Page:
In 2007, 2008, and 2009, I posted charts of the annual stock market and bond market returns for various indices for the time periods from 1980-2006, 1980-2007, and 1980-2008, respectively. The charts I previously posted included returns for small cap indices (Russell 2000, Russell 2000 Value, and Russell 2000 Growth), large cap indices (S&P 500, S&P/Citi 500 Value, and S&P/Citi 500 Growth), a broad-based foreign stock index(Morgan Stanley Capital International Index for the developed stock markets of Europe, Australasia, and the Far East ("MSCI EAFE index")), an index of bonds (Barclays Capital Aggregate Bond Index Lehman Brothers Aggregate Bond Index ("BC Agg."))*, and the Nasdaq Composite Index. I have updated the chart (click on the image for a larger view) to reflect returns for 2009.

2009 was a great year for practically all stock indices as equities and bonds rebounded strongly from an abysmal 2008. Stocks had plummeted in throughout 2008 and up through early 2009 as there was a was real risk of full-scale financial collapse and an ensuing Depression as many banks appears to be on a rapid trip toward insolvency and default on obligations. However, the government provided the short-term guarantees and liquidity that the banks needed and was able to stave off economic collapse. The common view is that we experienced a once- or twice- a century economic catastrophe, It appears as though the worst is behind us, although it will probably be years until America and Europe experiences strong economic growth.

All of the equity indices that I track returned at least 20% in 2009, led by the 43,89% of the Nasdaq Composite. The MSCI EAFE Index also provided strong returns, appreciating 31.78% as economic conditions improved and the U.S. Dollar depreciated against many foreign currencies. Growth stocks outperformed their Value counterparts and the Russell 2000 Growth and S&P 500 Growth indices each returned over 30% and at least 10% more then their Value counterparts (i.e., the Russell 2000 Value and S&P 500 Value indices, respectively).

The Russell 2000 Value Index provided the strongest returns between 1980 and 2009, returning a total of 3,474.25%, or an average of 12.66% per year. The total returns of the Russell 2000 Value Index has returned more than 1,000% relative to its initial value on December 31, 1979 more than the next best index I tracked, the S&P 500 Index.

The chart below clearly shows that stocks can provide substantial returns over long periods of time (click on the chart for a larger view). This may come as news to anyone who has been investing over the past 10 years, but one needs to appreciate that these are extraordinary times and that although short-term returns can be extremely volatile, longer term returns are still quite strong.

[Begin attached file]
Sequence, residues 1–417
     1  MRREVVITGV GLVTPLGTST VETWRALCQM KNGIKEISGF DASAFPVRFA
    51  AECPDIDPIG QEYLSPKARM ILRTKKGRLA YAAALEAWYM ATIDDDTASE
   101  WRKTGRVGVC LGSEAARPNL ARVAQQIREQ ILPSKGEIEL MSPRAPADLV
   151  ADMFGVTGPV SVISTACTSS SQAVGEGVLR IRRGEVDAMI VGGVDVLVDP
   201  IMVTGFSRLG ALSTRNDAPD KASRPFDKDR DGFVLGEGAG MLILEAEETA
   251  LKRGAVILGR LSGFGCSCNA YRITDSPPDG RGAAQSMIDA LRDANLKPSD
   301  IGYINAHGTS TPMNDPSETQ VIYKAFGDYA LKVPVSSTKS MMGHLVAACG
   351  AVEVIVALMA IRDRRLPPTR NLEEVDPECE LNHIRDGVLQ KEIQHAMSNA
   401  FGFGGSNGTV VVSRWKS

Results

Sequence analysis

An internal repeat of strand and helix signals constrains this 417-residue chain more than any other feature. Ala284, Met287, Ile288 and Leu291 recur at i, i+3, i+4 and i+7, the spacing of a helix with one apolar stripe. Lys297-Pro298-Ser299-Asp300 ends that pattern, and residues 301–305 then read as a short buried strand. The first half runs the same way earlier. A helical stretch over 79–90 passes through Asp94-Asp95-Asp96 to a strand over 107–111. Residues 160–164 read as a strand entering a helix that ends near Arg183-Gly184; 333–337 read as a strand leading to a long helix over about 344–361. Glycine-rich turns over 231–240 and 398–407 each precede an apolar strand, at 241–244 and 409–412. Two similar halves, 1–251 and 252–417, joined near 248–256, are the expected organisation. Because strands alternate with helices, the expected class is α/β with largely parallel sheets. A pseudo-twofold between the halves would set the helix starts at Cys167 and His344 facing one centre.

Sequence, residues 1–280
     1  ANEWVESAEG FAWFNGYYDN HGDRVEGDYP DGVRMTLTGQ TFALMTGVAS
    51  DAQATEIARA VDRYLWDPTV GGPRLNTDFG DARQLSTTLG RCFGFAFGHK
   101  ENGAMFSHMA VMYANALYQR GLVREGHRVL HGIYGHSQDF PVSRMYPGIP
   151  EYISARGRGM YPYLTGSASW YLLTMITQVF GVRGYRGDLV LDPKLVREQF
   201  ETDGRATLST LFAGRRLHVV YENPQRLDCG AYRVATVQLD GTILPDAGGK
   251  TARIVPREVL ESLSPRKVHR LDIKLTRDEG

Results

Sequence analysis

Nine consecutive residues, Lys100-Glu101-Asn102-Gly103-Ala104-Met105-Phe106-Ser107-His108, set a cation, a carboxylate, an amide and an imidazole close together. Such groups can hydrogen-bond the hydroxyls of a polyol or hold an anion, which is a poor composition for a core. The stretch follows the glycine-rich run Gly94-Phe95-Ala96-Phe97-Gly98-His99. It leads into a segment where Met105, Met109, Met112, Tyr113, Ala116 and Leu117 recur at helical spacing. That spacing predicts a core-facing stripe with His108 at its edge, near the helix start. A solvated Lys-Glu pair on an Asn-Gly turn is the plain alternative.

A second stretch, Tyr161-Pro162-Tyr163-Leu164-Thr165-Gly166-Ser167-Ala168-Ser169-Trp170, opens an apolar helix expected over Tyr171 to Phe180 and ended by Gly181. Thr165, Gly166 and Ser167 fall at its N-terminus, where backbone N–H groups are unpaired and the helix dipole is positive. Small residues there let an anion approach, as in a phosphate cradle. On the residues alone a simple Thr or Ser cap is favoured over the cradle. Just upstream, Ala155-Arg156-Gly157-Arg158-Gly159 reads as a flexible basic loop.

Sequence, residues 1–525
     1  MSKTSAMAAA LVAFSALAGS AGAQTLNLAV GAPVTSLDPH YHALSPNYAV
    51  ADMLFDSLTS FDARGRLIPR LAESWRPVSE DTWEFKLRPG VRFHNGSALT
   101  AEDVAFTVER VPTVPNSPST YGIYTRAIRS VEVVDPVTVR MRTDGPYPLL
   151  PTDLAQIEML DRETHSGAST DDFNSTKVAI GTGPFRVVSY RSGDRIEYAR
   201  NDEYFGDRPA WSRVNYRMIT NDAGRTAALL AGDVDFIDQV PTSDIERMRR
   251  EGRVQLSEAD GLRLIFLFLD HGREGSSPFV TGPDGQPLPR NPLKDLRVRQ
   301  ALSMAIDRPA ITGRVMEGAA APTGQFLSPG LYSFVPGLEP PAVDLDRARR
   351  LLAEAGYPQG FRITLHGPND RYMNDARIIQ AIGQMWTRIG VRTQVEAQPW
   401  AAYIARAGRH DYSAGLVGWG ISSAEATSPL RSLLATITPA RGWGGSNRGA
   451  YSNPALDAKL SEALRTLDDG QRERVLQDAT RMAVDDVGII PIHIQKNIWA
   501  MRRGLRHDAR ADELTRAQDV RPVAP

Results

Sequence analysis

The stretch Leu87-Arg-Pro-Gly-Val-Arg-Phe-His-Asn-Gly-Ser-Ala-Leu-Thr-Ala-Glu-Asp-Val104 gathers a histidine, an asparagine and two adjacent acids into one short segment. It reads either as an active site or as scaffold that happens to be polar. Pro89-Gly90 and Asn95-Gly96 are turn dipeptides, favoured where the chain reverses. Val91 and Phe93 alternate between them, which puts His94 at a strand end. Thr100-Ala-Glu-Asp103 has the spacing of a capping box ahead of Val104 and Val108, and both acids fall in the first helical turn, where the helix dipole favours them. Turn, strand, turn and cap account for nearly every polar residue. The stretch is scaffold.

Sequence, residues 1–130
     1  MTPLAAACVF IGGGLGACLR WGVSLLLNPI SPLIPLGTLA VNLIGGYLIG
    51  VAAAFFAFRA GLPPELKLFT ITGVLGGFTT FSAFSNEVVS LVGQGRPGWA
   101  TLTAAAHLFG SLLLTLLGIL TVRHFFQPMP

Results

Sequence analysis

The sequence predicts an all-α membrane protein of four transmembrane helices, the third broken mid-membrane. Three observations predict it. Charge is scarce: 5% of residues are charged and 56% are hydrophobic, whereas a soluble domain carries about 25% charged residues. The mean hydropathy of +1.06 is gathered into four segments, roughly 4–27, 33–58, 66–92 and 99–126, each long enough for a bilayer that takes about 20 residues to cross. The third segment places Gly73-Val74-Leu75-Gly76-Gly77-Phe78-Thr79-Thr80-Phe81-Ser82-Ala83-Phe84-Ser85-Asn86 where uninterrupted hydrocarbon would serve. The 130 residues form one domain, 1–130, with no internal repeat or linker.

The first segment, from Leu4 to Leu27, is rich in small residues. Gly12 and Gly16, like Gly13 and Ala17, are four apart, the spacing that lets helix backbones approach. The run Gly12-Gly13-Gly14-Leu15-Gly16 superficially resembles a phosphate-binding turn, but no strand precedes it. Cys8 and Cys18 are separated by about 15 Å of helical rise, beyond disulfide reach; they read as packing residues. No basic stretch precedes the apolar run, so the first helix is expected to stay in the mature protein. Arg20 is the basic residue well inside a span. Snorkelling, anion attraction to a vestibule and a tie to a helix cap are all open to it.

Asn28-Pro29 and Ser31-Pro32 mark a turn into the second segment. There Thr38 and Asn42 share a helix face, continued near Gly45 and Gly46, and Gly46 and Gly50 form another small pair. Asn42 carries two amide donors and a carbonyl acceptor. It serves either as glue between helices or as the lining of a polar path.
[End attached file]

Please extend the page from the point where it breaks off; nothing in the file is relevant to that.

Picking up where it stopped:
* The BC Agg. bong index was known as the Lehman Brothers Aggregate Bond Index prior to 2008.

** Edit - January 2, 2017 ***
I have updated this chart with results through 2016.

Sunday, January 17, 2010

Historical Annual Returns for the S&P 500 Index - Updated Through 2009

Last year I wrote a post about the annual returns of the S&P 500 Index and its precursor S&P 90 Index from 1926-2008. Some people have been emailing me to write a new post and update chars with full year returns for 2008. Updated charts are shown in the two images below (click on each image for a larger view).

As shown below, 2009 was one of the better years for the S&P 500 Index. This should come as no surprise, as the returns in 2008 were the second worst since 1926, so the Index was likely due for a rebound. The S&P 500 Index bottomed out on March 9, 2009 at a value of 676.53 and rallied about 67.8%, including reinvested dividends, at close at a value of 1115.10 on December 31, 2009, as shown in the chart below. This was a furious rally and one of the strongest 9-10 rallies in the history of the S&P 500 Index.

The annualized return for the S&P 500 Index from 1926-2009 was 9.81% and the 5-year annualized return through the end of 2009 was 0.41%, an improvement over the negative value for the 5-year period that ended in 2008. The 10-year annualized return through 2009 was a pathetic -0.95%, the second-worst 10-year annualized return based on all of the annual return data I have going back to 1926. In fact, the only worse 10-year annualized return was achieved at the end of 2008, when the 10-year annualized return was -1.39%. Luckily, however, 10-year annualized returns should improve over the next few years because S&P 500 Index returns were negative during 2000-2002 when the markets recovered from the bursting of the tech stock bubble.

I have posted an updated chart for the returns of the S&P 500 Index during the period between 1926-2015.